But still, the concept of countries means that we have to share the burden of millions of people we do not care about in the form of taxes and civil duties. This makes us unhappy. So what can we do?
Firstly, realise that you are to others what others are to you. If you find a certain person on television as annoying and irrational, chances are that someone else sees you in that light. You are limited to your Monkeysphere of 150 people and people outside of it are in their own Monkeyspheres.
Secondly, understand that no one is special. There are no heroes or perfect beings. Everyone is a human being and prone to making mistakes and acting “human”. Therefore, we cannot idolise people and be disappointed by their actions. This also means that you cannot judge another person and consider their words and actions as insignificant, as they are just as human as you.
Lastly, never simplify things. The world is not simple. It cannot be generalised as one happy village with everyone living happily in harmony. It is a composite of a massive number of different Monkeyspheres, all concerned with their own well-being and not caring about anything else.
Remember the words that Charles Darwin spoke to his assistant, Jeje Santiago: “Jeje, we are the monkeys”. As much as we would like to think that we are higher-order beings, we are simple creatures of habit and behaviour limited by our Monkeysphere.
Often in life, we find that other people can be idiots, evil or both. Whether it be the girl working in the cafe that forgot your order, or your girlfriend who says she was late because of traffic, or the bastard that takes the last slice of pizza. But then, when we do that exact same thing that annoyed us so much when someone else did it, we somehow always find an excuse that rationalises our act.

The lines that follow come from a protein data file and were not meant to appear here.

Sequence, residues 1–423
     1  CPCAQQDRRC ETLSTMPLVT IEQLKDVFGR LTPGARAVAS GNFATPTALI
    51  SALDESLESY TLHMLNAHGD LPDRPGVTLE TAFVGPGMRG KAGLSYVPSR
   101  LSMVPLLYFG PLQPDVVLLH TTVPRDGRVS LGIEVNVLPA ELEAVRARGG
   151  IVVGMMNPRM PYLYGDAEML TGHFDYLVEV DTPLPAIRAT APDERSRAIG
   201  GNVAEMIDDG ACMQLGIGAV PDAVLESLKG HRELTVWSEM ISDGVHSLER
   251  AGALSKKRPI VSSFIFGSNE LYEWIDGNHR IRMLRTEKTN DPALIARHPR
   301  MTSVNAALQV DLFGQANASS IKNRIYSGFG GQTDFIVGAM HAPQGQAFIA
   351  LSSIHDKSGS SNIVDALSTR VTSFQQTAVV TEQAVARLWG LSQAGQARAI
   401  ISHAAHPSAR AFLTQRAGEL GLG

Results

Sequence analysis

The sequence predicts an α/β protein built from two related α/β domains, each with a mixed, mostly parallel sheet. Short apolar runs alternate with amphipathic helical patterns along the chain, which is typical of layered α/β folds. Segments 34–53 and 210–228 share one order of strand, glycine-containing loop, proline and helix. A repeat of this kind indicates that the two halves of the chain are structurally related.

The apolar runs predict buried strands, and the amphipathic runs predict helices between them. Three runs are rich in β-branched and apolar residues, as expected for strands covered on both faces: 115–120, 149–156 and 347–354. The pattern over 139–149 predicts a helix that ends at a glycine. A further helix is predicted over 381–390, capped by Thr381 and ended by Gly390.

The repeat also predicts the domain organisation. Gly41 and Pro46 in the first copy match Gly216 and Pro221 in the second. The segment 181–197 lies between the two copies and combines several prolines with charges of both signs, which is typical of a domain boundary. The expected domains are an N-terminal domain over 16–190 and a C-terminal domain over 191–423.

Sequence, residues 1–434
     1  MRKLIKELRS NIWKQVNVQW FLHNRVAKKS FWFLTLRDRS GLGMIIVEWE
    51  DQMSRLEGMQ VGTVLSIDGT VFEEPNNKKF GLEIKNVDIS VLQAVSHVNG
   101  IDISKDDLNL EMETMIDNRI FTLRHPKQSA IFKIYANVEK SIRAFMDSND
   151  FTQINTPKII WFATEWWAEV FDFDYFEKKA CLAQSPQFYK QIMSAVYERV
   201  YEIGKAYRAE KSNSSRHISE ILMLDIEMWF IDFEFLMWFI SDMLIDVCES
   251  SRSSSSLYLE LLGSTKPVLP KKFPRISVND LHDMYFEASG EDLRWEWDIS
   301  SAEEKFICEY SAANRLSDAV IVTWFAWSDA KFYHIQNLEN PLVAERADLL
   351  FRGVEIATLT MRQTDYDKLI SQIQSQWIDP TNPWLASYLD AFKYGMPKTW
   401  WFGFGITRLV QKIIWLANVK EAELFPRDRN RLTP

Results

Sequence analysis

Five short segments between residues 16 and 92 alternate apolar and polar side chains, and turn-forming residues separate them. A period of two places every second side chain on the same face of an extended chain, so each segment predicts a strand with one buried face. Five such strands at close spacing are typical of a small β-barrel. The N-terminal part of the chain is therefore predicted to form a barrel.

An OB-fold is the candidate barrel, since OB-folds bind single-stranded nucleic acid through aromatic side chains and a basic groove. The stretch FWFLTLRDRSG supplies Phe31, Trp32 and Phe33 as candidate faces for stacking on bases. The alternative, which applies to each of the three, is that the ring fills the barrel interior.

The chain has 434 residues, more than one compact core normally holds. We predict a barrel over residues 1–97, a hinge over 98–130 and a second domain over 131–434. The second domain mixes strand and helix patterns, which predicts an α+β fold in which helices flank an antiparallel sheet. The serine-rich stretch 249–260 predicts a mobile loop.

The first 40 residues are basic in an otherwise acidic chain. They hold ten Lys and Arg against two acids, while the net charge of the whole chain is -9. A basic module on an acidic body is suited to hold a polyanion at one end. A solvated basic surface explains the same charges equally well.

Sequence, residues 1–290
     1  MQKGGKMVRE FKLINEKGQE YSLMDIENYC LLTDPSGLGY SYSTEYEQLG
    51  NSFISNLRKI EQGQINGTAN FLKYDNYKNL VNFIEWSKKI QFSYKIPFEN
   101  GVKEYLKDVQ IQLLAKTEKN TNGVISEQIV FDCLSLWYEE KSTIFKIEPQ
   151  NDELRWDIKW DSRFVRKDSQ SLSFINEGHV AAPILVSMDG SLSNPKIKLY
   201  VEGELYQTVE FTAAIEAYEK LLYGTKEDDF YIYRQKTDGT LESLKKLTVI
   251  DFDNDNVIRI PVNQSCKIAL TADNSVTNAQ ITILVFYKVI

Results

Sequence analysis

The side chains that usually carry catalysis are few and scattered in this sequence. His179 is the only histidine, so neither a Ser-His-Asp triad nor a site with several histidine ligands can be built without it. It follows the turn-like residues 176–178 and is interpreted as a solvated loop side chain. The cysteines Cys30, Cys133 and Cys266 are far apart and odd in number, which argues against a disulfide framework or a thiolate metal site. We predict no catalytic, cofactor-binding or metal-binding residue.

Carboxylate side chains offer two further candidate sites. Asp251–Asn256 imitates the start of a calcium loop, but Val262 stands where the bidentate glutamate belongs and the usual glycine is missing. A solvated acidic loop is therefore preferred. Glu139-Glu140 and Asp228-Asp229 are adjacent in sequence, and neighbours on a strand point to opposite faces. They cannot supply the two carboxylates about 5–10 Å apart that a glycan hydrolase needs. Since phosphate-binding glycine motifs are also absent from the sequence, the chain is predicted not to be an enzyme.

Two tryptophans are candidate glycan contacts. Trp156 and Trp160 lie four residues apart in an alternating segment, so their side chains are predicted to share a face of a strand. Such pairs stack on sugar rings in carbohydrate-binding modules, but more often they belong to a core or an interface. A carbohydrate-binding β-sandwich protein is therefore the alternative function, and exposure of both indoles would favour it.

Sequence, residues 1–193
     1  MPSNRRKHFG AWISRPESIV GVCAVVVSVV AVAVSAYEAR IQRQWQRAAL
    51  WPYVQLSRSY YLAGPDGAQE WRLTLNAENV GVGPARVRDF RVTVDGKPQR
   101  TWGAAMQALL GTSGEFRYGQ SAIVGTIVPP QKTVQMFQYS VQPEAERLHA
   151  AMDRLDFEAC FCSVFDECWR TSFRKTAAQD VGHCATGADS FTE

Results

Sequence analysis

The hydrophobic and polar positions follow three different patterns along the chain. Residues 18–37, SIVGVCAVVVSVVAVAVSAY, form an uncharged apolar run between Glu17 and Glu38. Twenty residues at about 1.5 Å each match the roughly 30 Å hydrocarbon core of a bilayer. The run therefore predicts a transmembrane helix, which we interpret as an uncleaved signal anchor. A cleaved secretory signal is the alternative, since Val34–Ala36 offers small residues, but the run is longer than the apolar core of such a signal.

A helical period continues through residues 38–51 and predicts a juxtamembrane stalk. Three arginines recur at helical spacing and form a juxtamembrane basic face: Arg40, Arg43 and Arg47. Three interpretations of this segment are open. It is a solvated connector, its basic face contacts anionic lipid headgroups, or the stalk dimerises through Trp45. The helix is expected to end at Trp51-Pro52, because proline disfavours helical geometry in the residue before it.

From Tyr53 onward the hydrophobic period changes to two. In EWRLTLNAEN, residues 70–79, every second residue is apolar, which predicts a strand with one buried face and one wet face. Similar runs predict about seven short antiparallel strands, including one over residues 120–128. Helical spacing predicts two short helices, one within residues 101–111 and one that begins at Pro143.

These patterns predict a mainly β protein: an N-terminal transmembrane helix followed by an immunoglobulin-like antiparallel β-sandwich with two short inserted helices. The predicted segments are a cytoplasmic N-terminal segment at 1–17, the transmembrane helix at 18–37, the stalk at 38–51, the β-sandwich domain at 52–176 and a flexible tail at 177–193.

This can be explained by the phenomenon of special pleading. Instead of acknowledging the fact that what you did was incredibly rude or obnoxious, your brain automatically creates an exception to the rule. You forgot that customer’s order because you were having a bad day. You were actually late because of traffic. You took that last slice of pizza because you did not have as much as the others and everyone else looked full. This phenomenon rids us of feeling guilt after an “immoral” act and also enables our hypocrisy.
The best part is that we do not consciously know of our hypocrisy. The brain quickly devises a clever reason to explain why you are the exception to the rule, while everyone else is not. The reason is, as with so many other psychological phenomena, cognitive dissonance. The brain cannot comprehend that you would do something you find so detestable when someone else does it, so it forces itself to believe the reason it pulled out of the air to not feel guilty, as it is the only reason the brain can think of that explains your behaviour. Furthermore, as sometimes the excuses are true, our hypocrisy is reinforced and we continuously disobey the golden rule of “Do unto others as you would have them do unto you”.
Perhaps the more realistic, platinum rule should be: “Do unto others as you would have them do unto you…UNLESS”. It may not be a good moral system, but it sure explains the human condition of being an ass.
If you do it, it’s verbal abuse; if I do it, it’s humour. If you do it, it’s an affair; if I do it, it’s romance. If you do it, it’s graffiti; if I do it, it’s art. If you do it, it’s showing off; if I do it, it’s romance.
If you do it, it’s being drunk; if I do it, it’s entertainment. If you do it, it’s foolish; if I do it, it’s romance. If you do it, it’s a lie; if I do it, it’s the truth. If you do it, it’s a scandal; if I do it, it’s romance.
If you do it, it’s wasting time; if I do it, it’s resting. If you do it, it’s stalking; if I do it, it’s romance. If you do it, it’s your fault; if I do it, it’s your fault. If you do it, it’s insane; if I do it, it’s romance.
If you do it, it’s impossible; if I do it, it’s possible.